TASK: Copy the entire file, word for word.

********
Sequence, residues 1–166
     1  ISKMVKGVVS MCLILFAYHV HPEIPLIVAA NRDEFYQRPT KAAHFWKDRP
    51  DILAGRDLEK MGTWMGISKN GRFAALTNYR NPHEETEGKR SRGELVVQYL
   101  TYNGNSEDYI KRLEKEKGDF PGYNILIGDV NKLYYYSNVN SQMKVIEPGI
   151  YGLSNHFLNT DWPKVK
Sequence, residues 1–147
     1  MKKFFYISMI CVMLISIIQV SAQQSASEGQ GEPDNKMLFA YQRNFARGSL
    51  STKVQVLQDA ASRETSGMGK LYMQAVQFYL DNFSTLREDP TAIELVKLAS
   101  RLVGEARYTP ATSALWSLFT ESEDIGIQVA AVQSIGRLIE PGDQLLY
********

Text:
Sequence, residues 1–166
     1  ISKMVKGVVS MCLILFAYHV HPEIPLIVAA NRDEFYQRPT KAAHFWKDRP
    51  DILAGRDLEK MGTWMGISKN GRFAALTNYR NPHEETEGKR SRGELVVQYL
   101  TYNGNSEDYI KRLEKEKGDF PGYNILIGDV NKLYYYSNVN SQMKVIEPGI
   151  YGLSNHFLNT DWPKVK
Sequence, residues 1–147
     1  MKKFFYISMI CVMLISIIQV SAQQSASEGQ GEPDNKMLFA YQRNFARGSL
    51  STKVQVLQDA ASRETSGMGK LYMQAVQFYL DNFSTLREDP TAIELVKLAS
   101  RLVGEARYTP ATSALWSLFT ESEDIGIQVA AVQSIGRLIE PGDQLLY